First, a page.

BETHESDA, MD — A Bethesda-based company that focuses on development and improving lives around the world has raised more than $7.5 million in a private equity offering, according to a filing Monday with the Securities and Exchange Commission.
DAI Global LLC raised $7,507,981 in equity of the total offering of $9,499,924 from 76 investors.
The form was signed by Michael Jakobowski, James Boomgard, Helle Weeke, Elizabeth Nelson, Daniel Heaney, Marwan Juma, Maria Otero, Gail Steinel, Jean Gilson, Christopher LeGrand, Christopher Lockett, Zan Northrip and Laura Viehmyer.
The company, formed in 2015, is categorized as a business services firm and employs about 3,000 people around the world with 70 percent being local staff. The company has offices in over 150 locations around the world.
DAI was incorporated in 1970 as Development Alternatives Inc. as the founders wanted to change the way development happens.
According to the website, the company “tackle(s) fundamental social and economic development problems caused by inefficient markets, ineffective governance, and instability. And we do this by bringing together fresh combinations of expertise and innovation across multiple disciplines—crisis mitigation and stability operations, democratic governance and public sector management, agriculture and agribusiness, private sector development and financial services, economics and trade, HIV/AIDS and disease control, water and natural resources management, and energy and climate change.”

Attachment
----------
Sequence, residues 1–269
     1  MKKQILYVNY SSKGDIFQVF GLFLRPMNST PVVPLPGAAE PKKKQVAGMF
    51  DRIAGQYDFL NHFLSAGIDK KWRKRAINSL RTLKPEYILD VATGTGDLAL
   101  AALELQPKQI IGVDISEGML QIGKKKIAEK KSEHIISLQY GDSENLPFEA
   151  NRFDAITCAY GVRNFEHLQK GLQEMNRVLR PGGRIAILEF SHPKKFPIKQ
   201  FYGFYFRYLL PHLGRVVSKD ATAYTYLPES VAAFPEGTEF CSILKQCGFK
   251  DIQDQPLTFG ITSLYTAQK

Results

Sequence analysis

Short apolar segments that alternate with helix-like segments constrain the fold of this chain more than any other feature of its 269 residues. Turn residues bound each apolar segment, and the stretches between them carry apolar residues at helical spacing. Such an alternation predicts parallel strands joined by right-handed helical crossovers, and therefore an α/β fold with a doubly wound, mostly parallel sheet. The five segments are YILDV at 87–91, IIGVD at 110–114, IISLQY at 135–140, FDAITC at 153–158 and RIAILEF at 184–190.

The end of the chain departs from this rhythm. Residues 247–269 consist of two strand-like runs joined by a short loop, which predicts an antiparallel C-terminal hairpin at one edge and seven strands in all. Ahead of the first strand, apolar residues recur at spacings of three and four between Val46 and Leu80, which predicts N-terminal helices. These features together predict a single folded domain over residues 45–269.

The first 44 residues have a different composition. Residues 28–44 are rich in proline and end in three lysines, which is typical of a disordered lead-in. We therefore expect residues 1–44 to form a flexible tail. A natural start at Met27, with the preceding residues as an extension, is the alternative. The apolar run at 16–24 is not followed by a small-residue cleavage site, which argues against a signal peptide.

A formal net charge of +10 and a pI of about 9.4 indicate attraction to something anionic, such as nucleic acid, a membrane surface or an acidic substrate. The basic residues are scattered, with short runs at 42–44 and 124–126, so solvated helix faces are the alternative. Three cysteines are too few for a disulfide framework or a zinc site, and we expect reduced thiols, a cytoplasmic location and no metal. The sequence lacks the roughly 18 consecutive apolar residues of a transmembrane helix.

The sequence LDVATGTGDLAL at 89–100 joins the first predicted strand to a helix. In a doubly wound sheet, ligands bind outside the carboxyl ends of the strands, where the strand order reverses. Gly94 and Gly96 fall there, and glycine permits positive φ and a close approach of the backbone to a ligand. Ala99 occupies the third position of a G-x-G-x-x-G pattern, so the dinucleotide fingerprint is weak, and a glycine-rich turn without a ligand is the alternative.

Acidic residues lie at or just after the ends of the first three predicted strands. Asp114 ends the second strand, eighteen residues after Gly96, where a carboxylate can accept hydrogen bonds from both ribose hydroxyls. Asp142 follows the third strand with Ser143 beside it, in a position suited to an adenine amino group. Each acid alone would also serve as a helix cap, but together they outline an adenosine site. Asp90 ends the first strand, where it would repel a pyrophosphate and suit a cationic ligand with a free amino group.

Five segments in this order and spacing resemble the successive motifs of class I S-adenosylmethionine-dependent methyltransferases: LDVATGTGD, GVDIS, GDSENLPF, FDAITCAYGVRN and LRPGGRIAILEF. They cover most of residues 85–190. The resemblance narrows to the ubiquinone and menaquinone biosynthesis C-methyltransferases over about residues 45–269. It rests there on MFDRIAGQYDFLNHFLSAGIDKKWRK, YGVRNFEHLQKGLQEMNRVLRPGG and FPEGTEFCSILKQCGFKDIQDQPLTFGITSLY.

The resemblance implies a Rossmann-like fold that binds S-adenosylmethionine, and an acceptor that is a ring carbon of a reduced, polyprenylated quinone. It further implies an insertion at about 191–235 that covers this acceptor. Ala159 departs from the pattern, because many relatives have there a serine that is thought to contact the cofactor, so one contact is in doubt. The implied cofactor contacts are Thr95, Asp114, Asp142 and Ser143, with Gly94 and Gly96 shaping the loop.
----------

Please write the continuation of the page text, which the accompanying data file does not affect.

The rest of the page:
DAI is strict with ethical and compliance standards for all related laws and regulations. The company offers solutions to problems around the world in digital, environment and energy, corporate sustainability, economic growth, governance, health and stability.
This is a new notice with the first date of sale on March 1. The offering is not intended to last more than one year.
None of the money will go toward executive salary, and the offering is not being made in conjunction with a business combination transaction. The minimum investment accepted from any outside investor is $500.
The company claimed a Rule 506 (b) exemption for the filing. Companies relying on the Rule 506 exemption do not have to register their offering of securities with the SEC, but they must file what’s known as a Form D electronically with the SEC after they first sell their securities.
This story is from the Maryland Business News Wire, a service of UNC-Chapel Hill’s School of Media and Journalism